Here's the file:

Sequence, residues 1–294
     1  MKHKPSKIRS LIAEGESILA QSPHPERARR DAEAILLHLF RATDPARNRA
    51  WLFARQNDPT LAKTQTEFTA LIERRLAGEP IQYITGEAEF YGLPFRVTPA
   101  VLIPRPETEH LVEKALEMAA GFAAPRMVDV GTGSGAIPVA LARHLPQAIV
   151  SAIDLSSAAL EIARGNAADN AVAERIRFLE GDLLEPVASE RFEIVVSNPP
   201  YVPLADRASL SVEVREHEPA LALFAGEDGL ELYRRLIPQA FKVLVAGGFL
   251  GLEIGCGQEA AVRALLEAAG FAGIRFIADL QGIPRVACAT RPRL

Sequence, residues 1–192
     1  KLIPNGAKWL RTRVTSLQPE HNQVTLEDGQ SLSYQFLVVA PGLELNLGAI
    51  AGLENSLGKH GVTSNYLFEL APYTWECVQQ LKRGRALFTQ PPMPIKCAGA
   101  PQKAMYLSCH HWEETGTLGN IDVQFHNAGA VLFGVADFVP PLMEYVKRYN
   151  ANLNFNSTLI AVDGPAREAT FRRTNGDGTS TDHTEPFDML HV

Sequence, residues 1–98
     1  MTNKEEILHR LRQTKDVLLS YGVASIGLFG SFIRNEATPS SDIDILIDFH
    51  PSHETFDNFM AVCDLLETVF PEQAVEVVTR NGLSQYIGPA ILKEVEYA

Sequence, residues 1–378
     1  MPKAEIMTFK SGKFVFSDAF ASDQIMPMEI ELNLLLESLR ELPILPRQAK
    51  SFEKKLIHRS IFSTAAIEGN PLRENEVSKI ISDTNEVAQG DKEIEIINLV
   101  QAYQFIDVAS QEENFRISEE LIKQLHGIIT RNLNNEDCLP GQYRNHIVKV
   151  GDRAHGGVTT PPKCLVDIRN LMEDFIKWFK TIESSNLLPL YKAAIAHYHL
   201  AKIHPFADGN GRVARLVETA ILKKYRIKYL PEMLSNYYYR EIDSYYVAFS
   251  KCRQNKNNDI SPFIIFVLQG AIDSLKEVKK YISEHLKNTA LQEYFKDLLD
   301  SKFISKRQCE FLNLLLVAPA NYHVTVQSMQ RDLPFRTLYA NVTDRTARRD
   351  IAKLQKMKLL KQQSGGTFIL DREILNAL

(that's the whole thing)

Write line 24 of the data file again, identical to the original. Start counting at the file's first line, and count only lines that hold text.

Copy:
   351  IAKLQKMKLL KQQSGGTFIL DREILNAL